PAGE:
Members of the panel included heads of the Federal Reserve, Securities and Exchange Commission, the Commodity Futures Trading Commission, the Federal Deposit Insurance Corporation and the Comptroller of the Currency. (Ben Kamisar/Medill)

WASHINGTON— Republicans and Democrats on the House Financial Services Committee sparred Wednesday over the effects of a key component of the Wall Street reform act that sets strict limits on commercial banks’ proprietary trading.

The so-called Volcker Rule, which many representatives referred to as overly confusing, was originally a 10-page document that swelled to 298 pages and includes more than 1,000 questions that federal agencies hope will be answered during the public comment period that ends Feb. 13.

The rule, which was required by the banking reform law, mainly prohibits commercial banks with access to federal bailout funds from engaging in proprietary trading, or trades on their own accounts unrelated to customers’ wishes. This type of trading has proved to privatize gains to the firms while pushing the losses to the government, according to experts. These kinds of speculative deals can put the bank at risk of bankruptcy or liquidation and force the federal government to issue bailout funds to banks deemed “too big to fail.” But banks profit largely from the benefits of such trades when they correctly predict the market.

“Banks that have access to the federal safety net [must not be able to use federal funds] to make speculative bets,” Rep. Maxine Waters, D-Calif., said. Opponents fear that a ban on proprietary trading may hurt U.S. banks in the global financial market because they would be forced to compete against foreign banks not subject to such restrictions. With higher liquidity, the foreign banks could offer loans and capital at lower interest rates than other banks, opponents say, potentially squeezing domestic banks out of the market and leading to another credit crunch.

“The Volcker Rule’s goal is to prohibit bank holding companies and their affiliates from engaging in so-called risky activities,” Committee Chairman Spencer Bachus, R-Ala., said. “Unfortunately, the rule’s impact on market liquidity, access to credit, the cost of capital and job creation will unnecessarily stifle the growth of businesses that operate far from Wall Street.”

While the Volcker rule allows a narrow set of activities similar to proprietary trading, Alexander Marx, head of global bond trading for Fidelity Investment, said in his prepared statement that the exemptions were too narrow and the failure to expand them could stifle U.S. economic recovery.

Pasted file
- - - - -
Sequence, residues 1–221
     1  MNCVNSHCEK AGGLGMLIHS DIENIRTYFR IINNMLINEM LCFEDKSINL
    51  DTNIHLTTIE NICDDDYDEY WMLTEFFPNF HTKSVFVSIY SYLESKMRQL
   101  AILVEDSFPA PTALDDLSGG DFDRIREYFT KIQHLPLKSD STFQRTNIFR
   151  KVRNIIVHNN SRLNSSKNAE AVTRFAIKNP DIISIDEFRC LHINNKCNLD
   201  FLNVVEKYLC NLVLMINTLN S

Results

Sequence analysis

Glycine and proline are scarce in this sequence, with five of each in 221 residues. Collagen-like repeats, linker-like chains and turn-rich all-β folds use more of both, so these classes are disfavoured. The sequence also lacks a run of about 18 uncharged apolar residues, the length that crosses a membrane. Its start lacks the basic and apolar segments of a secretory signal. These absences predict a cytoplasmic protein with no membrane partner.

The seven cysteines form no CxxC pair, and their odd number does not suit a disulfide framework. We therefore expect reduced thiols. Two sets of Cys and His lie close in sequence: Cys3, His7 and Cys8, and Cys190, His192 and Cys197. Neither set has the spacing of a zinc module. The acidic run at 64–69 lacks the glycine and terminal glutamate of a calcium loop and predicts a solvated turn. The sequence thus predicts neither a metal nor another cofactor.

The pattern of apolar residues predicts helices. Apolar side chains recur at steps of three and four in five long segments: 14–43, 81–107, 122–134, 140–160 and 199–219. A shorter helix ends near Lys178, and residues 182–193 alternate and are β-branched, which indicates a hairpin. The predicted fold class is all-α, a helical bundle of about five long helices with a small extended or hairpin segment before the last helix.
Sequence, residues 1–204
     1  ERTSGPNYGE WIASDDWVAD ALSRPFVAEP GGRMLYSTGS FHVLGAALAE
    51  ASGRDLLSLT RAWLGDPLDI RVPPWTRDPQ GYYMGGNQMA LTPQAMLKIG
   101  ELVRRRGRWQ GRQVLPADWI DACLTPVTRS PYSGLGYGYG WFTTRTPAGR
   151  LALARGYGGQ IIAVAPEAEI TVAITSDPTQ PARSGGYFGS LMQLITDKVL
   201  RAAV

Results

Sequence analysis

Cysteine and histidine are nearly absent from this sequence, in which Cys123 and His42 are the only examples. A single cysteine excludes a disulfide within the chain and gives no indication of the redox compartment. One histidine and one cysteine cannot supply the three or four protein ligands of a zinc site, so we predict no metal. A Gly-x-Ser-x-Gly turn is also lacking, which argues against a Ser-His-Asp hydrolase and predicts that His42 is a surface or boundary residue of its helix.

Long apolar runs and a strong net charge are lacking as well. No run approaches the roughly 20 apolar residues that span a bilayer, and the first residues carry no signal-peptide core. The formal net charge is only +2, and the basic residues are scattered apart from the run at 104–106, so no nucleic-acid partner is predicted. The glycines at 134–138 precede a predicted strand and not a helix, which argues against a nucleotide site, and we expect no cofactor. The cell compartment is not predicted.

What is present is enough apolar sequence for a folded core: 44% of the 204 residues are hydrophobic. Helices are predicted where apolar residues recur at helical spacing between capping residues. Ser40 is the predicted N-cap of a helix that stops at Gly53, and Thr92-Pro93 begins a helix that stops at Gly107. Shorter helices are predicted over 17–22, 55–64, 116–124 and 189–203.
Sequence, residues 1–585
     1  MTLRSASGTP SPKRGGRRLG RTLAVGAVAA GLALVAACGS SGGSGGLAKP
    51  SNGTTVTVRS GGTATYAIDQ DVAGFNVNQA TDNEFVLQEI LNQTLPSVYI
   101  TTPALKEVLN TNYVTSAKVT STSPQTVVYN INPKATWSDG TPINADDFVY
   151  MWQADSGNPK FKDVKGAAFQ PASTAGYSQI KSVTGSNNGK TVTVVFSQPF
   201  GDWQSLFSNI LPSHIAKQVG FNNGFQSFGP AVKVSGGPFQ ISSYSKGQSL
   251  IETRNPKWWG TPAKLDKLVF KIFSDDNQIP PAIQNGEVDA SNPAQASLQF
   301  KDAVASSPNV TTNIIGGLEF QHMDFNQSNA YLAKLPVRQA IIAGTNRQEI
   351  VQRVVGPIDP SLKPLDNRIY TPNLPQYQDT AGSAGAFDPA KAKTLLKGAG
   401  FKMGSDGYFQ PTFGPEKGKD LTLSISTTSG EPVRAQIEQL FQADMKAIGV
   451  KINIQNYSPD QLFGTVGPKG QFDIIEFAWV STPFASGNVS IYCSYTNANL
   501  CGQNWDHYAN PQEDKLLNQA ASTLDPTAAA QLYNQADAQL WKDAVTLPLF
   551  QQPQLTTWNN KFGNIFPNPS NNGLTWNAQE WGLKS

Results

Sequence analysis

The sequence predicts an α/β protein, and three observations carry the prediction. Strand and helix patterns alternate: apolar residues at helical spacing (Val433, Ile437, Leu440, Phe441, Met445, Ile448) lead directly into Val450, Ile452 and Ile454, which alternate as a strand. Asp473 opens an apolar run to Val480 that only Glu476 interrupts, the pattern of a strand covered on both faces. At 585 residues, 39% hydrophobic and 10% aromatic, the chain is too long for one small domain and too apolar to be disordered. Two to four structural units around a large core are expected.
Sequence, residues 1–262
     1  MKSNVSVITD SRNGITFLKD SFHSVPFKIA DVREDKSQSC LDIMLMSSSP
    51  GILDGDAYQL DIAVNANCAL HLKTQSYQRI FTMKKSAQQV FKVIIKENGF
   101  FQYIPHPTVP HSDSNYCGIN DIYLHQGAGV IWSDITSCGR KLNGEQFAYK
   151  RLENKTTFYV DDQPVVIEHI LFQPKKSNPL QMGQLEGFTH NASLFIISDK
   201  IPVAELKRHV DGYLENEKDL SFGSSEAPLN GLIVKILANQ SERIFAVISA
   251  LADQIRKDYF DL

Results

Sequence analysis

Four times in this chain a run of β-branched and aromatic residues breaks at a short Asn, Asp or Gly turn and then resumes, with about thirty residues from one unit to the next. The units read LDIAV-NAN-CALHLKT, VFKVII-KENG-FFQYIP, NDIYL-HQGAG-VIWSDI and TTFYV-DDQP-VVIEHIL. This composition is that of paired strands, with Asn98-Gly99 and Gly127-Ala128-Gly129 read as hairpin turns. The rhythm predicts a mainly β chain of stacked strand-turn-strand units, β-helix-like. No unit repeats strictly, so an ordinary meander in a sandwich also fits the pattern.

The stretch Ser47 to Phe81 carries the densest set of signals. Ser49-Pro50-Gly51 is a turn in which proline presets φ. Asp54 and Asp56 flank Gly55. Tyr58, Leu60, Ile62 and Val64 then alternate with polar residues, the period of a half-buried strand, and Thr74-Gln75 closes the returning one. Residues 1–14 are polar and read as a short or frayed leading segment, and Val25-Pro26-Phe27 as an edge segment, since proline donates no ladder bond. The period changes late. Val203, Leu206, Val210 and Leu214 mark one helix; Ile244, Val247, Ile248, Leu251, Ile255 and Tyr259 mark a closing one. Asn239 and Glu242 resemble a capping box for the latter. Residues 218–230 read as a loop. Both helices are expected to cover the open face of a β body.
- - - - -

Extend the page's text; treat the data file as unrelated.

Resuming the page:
“We believe these factors would combine to have a chilling effect on capital formation and market liquidity,” Marx’s statement read.  ” …In turn, [it] will negatively impact individuals seeking to invest their savings, including shareholders of the funds we manage, and businesses accessing the capital markets to help grow their operations.”

Daniel Tarullo, a member of the board of governors of the Federal Reserve, told the committee that he hoped the hearing will help those charged with regulating the Volcker Rule to understand its intricacies and avoid jeopardizing American markets.

“Our goal at the Federal Reserve is to implement the Volcker Rule in a way that is faithful to the language of the statute… at the least cost to economic growth,” he said. One main hurdle, he explained, was to codify the distinction between proprietary trading and market making, which is widely seen as beneficial to the economy and is allowed under the Volcker Rule.

The heads of the Federal Reserve, Securities and Exchange Commission, the Commodity Futures Trading Commission, the Federal Deposit Insurance Corporation and the Comptroller of the Currency, mainly agreed that their agencies could police banks under the rule as outlined in the financial reform law.  However, they emphasized the importance of the public comment period in allowing them to determine the scope of the restrictions, as well as providing a forum for public input over a rule of this magnitude.

“No question there are a lot of questions,” Tarullo said. “But part of what the questions do is that they reveal to the public how we are thinking… they actually serve a transparency function into giving an insight into how the agency [is thinking].”